Those behind these gruesome acts are not unknown. The most militant of them are these days touring the country under the banner of the Difa-e-Pakistan Council, together with several political parties. Its militant members, the Sipah-e-Sahaba Pakistan, the Lashkar-e-Jhangvi and the Jamaatud Daawa all have an ugly record of several thousand innocent Pakistani civilian lives. They have openly embraced the Taliban and denounced the military operations taking place to curb terrorism caused by such fascist groups. Most importantly, this group fails to condemn violence on minorities in the country. And if they do address this issue, they blame it on ‘foreign elements’.
What can the Pakistani minorities expect when the politicians, who on one hand promise to safeguard minorities, on the other stand alongside those who are capable of killing at point blank and inciting violence? These political parties are not unknown and their members are not ignorant with regards to these basic facts.
The reality is that, when deciding between a rally, which is given media attention, even if it spews hatred, and to protect minorities, our dear leaders reject the latter. And if they occasionally do say, as Nawaz Sharif so boldly said that, Ahmadis are our brethren as well, then all hell breaks loose from the self-declared protectors of this ‘citadel of Islam’.
And then we have the silent media, more specifically TV shows and news channels.
How often do they report that women are converted to Islam by force?
It does not help for those defenders of faith, to recite the verses of Quran, preaching tolerance or freedom of religion, when the ground realities are quite the opposite. The fact is that our minorities fear for their lives, their faith and their children’s safety. Imagine living such a life!
Pakistan is, sadly, ranked amongst the worst states for minorities to reside in; the others being Iraq, Afghanistan, Somalia and Congo-Kinshasa. The UN Minority Rights Group (MRG) publishes a yearly report of dreadful statistics about incidents that have occurred during the year in Pakistan relating to violence against minorities.
There are many theories on what the ideology of Pakistan is; the most popular theory, which was quite unknown as long as Jinnah was alive, is that the country was created and destined to be an Islamic state. The ground reality, although that was the driving force, behind the Pakistan movement was the fight for the rights of minorities.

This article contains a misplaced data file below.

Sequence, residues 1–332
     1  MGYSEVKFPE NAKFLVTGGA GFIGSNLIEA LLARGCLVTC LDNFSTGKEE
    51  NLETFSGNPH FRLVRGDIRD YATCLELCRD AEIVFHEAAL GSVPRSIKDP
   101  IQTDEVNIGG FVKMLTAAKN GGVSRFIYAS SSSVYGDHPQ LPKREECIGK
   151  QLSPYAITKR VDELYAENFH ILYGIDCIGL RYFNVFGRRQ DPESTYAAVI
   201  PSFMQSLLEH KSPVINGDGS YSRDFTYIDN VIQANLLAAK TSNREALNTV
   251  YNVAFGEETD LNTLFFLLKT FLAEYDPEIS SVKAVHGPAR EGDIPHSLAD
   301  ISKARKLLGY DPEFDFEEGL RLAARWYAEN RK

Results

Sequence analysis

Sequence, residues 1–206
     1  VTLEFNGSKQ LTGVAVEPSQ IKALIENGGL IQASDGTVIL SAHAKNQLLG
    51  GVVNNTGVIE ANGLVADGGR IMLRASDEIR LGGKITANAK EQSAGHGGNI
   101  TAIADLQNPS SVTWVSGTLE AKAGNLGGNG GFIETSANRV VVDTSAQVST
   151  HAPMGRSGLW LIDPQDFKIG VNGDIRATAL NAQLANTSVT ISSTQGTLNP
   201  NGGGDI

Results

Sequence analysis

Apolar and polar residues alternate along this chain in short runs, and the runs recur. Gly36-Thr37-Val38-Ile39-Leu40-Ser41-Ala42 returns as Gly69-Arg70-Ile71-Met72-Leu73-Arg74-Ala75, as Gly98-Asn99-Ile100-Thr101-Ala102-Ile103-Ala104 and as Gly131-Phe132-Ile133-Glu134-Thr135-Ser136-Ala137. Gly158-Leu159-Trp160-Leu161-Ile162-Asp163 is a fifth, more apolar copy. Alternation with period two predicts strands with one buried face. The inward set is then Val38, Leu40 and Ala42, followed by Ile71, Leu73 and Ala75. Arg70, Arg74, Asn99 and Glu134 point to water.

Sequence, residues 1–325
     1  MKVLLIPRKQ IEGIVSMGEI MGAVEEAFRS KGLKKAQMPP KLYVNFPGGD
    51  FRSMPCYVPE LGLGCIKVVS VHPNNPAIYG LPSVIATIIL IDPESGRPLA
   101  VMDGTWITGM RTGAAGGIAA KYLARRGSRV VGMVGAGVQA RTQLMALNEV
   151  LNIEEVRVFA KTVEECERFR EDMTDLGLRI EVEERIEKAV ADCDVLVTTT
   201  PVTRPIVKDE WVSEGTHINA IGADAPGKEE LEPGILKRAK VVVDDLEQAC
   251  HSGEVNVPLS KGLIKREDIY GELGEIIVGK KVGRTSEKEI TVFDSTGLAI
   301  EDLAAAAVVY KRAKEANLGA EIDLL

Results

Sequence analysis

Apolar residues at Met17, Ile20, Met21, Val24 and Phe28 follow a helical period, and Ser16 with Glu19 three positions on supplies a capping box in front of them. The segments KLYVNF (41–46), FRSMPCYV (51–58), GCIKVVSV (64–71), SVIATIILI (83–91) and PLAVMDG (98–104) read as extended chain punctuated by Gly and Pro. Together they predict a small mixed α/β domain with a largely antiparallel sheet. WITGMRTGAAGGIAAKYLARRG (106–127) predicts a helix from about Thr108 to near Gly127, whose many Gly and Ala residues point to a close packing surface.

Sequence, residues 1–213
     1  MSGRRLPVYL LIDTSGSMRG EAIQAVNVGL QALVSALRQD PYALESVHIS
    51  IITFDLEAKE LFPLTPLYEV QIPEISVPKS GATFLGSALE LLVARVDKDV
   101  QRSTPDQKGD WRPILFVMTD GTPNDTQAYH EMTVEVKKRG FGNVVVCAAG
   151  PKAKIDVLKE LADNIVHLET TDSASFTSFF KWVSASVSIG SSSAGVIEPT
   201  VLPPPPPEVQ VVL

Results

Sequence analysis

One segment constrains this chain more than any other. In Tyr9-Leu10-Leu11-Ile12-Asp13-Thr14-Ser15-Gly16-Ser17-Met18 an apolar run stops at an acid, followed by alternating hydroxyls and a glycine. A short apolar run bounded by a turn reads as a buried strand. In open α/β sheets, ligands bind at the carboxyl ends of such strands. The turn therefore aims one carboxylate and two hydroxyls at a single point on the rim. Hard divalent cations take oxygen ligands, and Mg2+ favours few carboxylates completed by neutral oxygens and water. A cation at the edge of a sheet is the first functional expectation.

Jinnah believed in Hindu-Muslim unity, but was disaffected when the Nehru dominated camp in the Indian National Congress refused to agree on separate electorates for minorities. One thing led to the other, and we had an outcome which divided the subcontinent.
The main essence is that Pakistan was created to protect the minorities of India. And hence, the ideology of Pakistan is to protect its minorities in order to prove its existence. Our mere existence on the map is not to be the eternal enemy of India, or to have influence in Kabul, it is merely to protect our minorities. If they are well, all is well. If they are threatened, then we have failed. And at our current standing, we have failed Jinnah and Pakistan miserably.
At the end of the day, in one way or another, we are all minorities. If it is not religion, then ethnicities divides us, and if not that, then language, culture, tribe, cast and creed is always there. But when anyone of our countrymen, no matter what religion they have, travels to a foreign country, they are only known as Pakistani. We need to realise that being Pakistani, in its essence means equality.
This post was first published here.
Read more by Usman here. Follow him on twitter @UsmanBaghi.